This week, find out why the Czech Republic is a marbles "superpower", a country where male fish are helpless against female contraception pills, and a place where mobile phone software manufacturers can sell products that violate the law. This and more in Magazine.

Playing marbles is one of the oldest forms of entertainment in history. It was popular in ancient Egypt and Rome and it is said to have been one of Julius Caesar's favourite pastimes. And it's still around today. The boys who grew up playing the game in the first half of the twentieth century are now grandfathers but some of them still bring out their bag of prized marbles on Sundays for a game with old friends. Although there are only a few hundred players in the Czech Republic - the country is a marbles "superpower". The marbles world champion is Czech - a certain Karel Tesar from Pilsen -who is now bringing up a new generation of marbles players. Last weekend he showed his prowess at the national marbles tournament on Strelecky Island in Prague. International events -often hosted by the Czech Republic - usually attract players from Germany, Holland, Slovakia and the United States - countries where marbles have a long tradition. And part of the fun is comparing marbles made in different countries during their heyday.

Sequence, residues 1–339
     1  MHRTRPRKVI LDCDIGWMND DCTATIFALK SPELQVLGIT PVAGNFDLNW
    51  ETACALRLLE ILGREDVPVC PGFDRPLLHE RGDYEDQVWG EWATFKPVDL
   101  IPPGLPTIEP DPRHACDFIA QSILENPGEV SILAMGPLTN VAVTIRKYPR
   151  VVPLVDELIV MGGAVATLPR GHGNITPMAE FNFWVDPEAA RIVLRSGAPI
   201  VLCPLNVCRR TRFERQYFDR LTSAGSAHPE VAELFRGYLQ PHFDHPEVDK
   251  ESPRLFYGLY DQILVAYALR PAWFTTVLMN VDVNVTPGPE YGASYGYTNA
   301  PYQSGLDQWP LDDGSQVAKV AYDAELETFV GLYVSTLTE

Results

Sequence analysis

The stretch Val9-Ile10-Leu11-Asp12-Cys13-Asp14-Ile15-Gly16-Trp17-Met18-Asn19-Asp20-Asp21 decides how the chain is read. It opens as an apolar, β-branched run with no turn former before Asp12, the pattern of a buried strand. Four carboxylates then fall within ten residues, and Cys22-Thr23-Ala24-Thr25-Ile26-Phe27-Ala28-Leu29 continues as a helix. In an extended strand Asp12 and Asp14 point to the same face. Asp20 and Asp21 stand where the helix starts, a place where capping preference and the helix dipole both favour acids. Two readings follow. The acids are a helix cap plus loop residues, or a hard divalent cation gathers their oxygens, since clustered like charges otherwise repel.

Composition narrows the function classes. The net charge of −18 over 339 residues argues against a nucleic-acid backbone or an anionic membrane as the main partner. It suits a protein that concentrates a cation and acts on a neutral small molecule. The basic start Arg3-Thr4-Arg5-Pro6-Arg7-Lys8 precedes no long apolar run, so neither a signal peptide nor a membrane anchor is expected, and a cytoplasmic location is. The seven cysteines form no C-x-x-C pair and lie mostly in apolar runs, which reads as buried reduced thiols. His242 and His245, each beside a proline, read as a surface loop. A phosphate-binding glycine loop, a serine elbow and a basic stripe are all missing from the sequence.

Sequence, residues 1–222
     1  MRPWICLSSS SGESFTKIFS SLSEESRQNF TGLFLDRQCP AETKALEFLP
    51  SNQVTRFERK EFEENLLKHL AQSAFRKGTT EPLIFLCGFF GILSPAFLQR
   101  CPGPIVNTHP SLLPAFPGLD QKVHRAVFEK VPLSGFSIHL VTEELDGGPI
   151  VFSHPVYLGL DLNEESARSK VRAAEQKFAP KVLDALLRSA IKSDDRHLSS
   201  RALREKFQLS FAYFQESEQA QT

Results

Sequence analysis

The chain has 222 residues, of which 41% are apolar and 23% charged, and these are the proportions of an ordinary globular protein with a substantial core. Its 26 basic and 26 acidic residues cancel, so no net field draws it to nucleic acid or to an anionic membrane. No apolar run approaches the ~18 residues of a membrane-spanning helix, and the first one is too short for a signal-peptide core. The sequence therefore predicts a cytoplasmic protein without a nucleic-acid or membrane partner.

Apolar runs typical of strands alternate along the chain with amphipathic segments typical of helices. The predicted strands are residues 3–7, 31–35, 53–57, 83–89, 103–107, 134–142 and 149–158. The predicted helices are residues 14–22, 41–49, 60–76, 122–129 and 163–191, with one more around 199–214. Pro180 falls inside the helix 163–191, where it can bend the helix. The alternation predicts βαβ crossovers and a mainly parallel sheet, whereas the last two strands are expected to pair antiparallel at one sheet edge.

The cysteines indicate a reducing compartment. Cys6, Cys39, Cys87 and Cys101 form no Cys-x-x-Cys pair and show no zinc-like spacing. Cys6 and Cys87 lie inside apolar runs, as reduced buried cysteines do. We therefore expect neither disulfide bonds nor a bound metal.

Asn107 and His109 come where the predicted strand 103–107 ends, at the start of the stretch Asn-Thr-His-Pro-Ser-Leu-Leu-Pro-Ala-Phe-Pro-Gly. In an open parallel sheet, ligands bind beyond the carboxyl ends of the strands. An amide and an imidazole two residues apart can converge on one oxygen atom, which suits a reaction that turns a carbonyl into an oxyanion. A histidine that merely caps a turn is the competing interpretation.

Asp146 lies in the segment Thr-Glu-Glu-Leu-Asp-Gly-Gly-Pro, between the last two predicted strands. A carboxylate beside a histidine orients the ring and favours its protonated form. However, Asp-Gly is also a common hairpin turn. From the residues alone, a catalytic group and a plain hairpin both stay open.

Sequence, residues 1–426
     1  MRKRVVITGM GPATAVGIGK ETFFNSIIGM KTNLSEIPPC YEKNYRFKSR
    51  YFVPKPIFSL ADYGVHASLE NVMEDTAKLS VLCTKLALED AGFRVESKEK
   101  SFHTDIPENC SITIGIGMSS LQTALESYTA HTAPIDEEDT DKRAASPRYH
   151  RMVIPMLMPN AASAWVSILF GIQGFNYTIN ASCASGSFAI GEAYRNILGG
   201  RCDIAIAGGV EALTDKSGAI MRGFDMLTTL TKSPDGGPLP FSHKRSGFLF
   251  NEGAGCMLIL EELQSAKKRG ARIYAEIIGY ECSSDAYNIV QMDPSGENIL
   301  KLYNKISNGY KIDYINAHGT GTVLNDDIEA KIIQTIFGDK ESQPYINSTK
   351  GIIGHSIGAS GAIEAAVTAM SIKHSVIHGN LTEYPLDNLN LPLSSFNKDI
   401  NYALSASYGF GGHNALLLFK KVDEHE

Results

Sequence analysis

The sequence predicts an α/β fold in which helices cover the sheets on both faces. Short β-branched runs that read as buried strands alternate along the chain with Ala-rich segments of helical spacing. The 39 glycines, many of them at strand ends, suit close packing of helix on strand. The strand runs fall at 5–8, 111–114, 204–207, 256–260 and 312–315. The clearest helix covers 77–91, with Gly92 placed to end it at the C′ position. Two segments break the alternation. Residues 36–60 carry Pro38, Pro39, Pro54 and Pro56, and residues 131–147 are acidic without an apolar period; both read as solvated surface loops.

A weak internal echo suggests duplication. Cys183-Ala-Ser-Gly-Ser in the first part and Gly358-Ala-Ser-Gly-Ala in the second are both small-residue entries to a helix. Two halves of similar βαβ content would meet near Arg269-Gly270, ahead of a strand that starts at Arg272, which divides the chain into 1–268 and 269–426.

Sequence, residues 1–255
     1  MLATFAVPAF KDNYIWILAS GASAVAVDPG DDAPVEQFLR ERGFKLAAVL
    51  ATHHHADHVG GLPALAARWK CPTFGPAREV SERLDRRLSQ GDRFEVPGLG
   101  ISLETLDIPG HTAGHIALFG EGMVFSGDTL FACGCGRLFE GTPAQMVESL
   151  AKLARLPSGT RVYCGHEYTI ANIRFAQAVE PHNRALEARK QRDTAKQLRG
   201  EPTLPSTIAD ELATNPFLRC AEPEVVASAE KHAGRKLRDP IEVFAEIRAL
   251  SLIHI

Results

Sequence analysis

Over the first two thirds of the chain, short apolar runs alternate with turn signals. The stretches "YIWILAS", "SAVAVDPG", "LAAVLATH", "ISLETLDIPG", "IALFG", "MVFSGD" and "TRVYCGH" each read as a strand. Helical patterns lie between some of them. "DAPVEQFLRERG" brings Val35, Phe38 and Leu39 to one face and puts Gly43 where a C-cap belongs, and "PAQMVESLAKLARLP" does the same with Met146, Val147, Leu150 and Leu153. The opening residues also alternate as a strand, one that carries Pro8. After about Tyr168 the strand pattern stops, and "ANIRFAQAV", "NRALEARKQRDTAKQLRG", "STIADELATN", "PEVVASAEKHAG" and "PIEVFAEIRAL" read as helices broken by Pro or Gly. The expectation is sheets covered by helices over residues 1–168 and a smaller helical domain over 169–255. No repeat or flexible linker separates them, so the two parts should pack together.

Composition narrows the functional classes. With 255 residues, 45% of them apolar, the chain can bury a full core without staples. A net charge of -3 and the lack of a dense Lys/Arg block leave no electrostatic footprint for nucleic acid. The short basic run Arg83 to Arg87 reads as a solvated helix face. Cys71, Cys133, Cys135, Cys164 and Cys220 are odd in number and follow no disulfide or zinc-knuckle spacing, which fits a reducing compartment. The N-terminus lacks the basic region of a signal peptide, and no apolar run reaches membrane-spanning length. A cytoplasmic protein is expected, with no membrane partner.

The oldest marble ever found came from Egypt - according to experts from around 3000 BC. In neighbouring Germany the game reached the peak of its popularity at the start of the 14th century. In fact in Nuremberg the ground is said to have been so disfigured by marble holes that the local councillors reputedly banned the game within city gates. Today the biggest marble producer in the world is a Mexican firm -which exports marbles to countries around the world - including the Czech Republic. But of course the best ones are those which get handed down from generation to generation and are quite unique.

A Czech couple from Kutna Hora beat all the Easter stories and records this year about who made the biggest chocolate Easter egg or who decorated the best Easter birch tree. They announced to the press that they had a four legged chicken and it turned out the story was no hoax. Chickens with genetic defects of this kind usually die within a couple of hours but "Fast-feet" - as the chicken has been named - is thriving and has learnt to make good advantage of her two pairs of legs. She poses for reporters, gets around twice as fast as any of the other chickens - and one thing is for sure - she won't end up as Sunday lunch, because she has already become the family pet. What more could a future hen want?

Have you ever wondered about the truth of the Latin saying "Nomen Omen" - or one's name determines one's fate? Naturally, one is not inclined to believe these things, but how would you explain the fact that the chef at Czech government headquarters -who cooks for visiting royalty and prime ministers is called Nesnidal - or Mr. Didn't Have Breakfast - while the chef in Parliament - is called Nevecerel or Mr. Didn't Have Dinner? If you need more proof then the head of the Prague Botanical Gardens is called Vetvicka or Mr. Little Branch and a well known Czech gynaecologist has a funny - unmentionable name - that is also a slang word for the process of making babies. So if you really want to believe that your future is entirely in your hands I hope you have a completely nondescript, meaningless name.

Photo: Reaperman,  Creative Commons 3.0